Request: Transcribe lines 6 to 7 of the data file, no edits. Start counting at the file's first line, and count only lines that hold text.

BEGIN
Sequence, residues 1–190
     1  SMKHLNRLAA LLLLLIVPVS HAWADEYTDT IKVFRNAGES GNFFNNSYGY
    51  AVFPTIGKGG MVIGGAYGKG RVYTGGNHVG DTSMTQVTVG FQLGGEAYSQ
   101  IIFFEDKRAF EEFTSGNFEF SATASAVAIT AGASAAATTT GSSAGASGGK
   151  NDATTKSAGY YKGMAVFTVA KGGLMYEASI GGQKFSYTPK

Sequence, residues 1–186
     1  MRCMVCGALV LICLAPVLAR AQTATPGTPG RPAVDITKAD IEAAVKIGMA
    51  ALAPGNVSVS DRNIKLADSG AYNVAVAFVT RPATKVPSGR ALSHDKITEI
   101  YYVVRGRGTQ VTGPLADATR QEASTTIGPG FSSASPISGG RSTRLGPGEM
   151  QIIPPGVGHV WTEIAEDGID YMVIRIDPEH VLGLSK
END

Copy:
Sequence, residues 1–186
     1  MRCMVCGALV LICLAPVLAR AQTATPGTPG RPAVDITKAD IEAAVKIGMA